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Globalisation helps rich and poor alike
The Daily Telegraph
Thursday, September 7, 2000
When the World Economic Forum (WEF) meets in Melbourne on 11 September various groups opposed to capitalism and to “free market” reforms are set to make vigorous protests. Their stated aim is to prevent discussions amongst world business and political leaders even though the WEF is not a policy-making body and has operated now for around thirty years. Such attempts have become part of an emerging world-wide pattern, using the Internet to garner local support for attacks.
The most publicized protests were last year in Seattle against the World Trade Organisation (WTO) meeting to start the next round of trade liberalisation. There activists were encouraged by US President Clinton’s foolish call for the WTO to include protesters in its processes and by initially poor administration of local police under a former protester. Although most journalists played down those protests, activists seriously broke the law by causing significant damage to private property and injuries to police, and stopping delegates from accessing the opening day. Police made hundreds of arrests at Seattle and other protests but this has not deterred the activists.
The handling of the WEF protest will be an important test not only for Melbournians but also for security at the Sydney Olympics, where protesters from Melbourne will combine with various non-government organizations to attract attention.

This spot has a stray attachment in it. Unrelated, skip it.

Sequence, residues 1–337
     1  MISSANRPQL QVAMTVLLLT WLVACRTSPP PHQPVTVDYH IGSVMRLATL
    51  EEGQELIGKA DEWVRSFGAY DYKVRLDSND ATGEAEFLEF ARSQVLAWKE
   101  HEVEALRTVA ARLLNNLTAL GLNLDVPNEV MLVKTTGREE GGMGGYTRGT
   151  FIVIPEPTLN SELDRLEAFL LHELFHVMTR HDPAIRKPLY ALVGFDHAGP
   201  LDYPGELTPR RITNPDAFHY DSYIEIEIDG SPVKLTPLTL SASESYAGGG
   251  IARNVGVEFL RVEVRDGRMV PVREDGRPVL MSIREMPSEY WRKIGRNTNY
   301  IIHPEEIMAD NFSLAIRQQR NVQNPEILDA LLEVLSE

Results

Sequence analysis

But the key questions are - will the Victorian and NSW police really protect the rights of ordinary citizens and will Government leaders make any effective response to the anti-capitalists? Claims about the right to protest are acceptable in principle but few people agree that activists will be non-violent. Indeed, such people apparently use their right to protest, and support from students and other sympathizers, as fronts for instituting violent action to publicise their causes. Modern societies, we are told, are basically undemocratic because minority views are ignored and can only register on the community through such publicity.
Recent Victorian history does not encourage confidence that police will prevent violence, property damage and harassment of citizens going about their business. In recent years policing policy has been driven by an instruction that "the success of any operation will be primarily judged by the extent to which the use of force is avoided or minimised". Police have thus become reluctant to use force in a range of violent demonstrations when others’ rights were clearly significantly reduced. Moreover, proposals to re-write the instruction, and to introduce devices commonly employed overseas, have fallen on deaf ears.
Behind this Victorian softly, softly policing policy lies a worrying development at higher levels in society. Thus, at senior political, judicial and business levels there has been increased reluctance to actively defend basic economic principles and their social effects. Yet freer market and “globalisation” policies, which are strongly opposed as inequitable by WEF-type protesters, have undoubtedly helped improve Australia’s living standards.
A new study, Growth is Good for the Poor, by senior World Bank researcher, David Dollar, reveals no increase in inequality within the 80 countries covered and that income of “the poor” has risen in line with average income per head.
Dollar points out that “the basic policy package of private property rights, fiscal discipline, macro stability, and openness to trade increases the income of the poor to the same extent that it increases the income of the other households in society.”
In short, contrary to the impression created by many economic analysts and the media, “globalisation” is not inequitable and has stimulated economic growth. Leaders should now espouse the cause of globalisation in the context of the WEF and the Olympics - and also highlight the gross inaccuracies of the protesters.